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How far will the markets fall in the fall?

During the month of August, markets have continued to rise. There are many reasons markets’ have moved from pandemic levels in five short months. Confidence is high that a vaccine will come to market soon. Companies are adapting, and school and municipalities are easing back into activity. We’re certainly not all the way back yet, but a “return to normalcy” has begun.

The biggest factor in the markets’ recovery has been central bank policy, and here in the US that means the activity of the Federal Reserve. They have virtually removed the chance of a catastrophic outcome and effectively raised the floor for equity prices thus turning 2020 in to a winner for investors.

The Fed promised early on in the crisis that it would use all the tools in its bag to support the US economy and, ultimately, the markets. Its first action was the cutting of the fed funds rate to effectively zero over a two week period.

The second tool in the Fed’s bag was the resurrection of its bond buying program. The pledge to purchase billions in Treasury bonds and mortgage-backed securities each month and since early March the Fed’s balance sheet has grown from $4.2 trillion to about $7.0 trillion. The surge in money supply has pushed interest rates lower for bond products. Coupled with a big decline in spending on goods and services due to the pandemic, there was pent up investor demand staring in April, and investors were looking for a return. With interest rates so low, stocks were the only game in town.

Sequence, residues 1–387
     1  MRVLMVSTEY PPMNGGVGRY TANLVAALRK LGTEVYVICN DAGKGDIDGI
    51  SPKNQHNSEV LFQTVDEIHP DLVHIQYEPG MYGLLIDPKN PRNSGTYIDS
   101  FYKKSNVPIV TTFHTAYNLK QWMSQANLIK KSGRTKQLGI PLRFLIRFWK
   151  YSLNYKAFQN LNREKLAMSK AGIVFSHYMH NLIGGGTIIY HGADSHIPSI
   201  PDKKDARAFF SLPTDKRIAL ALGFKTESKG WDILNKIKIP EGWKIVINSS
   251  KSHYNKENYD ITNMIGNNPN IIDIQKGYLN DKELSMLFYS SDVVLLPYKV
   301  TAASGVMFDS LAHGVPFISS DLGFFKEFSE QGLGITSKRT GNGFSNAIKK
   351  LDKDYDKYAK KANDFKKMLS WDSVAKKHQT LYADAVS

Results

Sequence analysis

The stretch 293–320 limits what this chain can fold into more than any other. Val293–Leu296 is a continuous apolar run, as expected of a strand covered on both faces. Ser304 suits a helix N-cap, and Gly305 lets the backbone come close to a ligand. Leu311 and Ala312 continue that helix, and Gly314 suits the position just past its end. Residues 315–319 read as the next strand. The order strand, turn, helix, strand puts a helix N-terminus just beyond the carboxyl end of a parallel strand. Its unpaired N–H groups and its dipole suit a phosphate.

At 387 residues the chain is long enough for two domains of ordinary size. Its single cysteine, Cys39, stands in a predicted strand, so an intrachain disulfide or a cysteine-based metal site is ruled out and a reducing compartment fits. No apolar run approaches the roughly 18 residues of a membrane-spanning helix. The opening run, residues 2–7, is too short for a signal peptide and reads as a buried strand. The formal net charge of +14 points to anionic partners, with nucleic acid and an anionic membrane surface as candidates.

Some analysts, have worried that the recent surge in equity prices highlights a disconnect between the markets and economic fundamentals. Although the economy is clearly headed in the right directions, economic reports remain mixed. Another concern of ours has been the fact that big gains have been concentrated in a few tech giants. The FAANG stocks are up more that 75% year-to-date on average. Price/Earnings ratios are quite high now. Are we going to get a profit surge, or is this market growing into a “bubble?” We think its somewhere in between, which indicates potential volatility, but no new bear market.

Although there is anticipated continued volatility there has been a recent pullback so far in September, if you’ve got too much cash making nothing, and the probability of stocks being a much better long term opportunity, you may want to consider getting it working for you.


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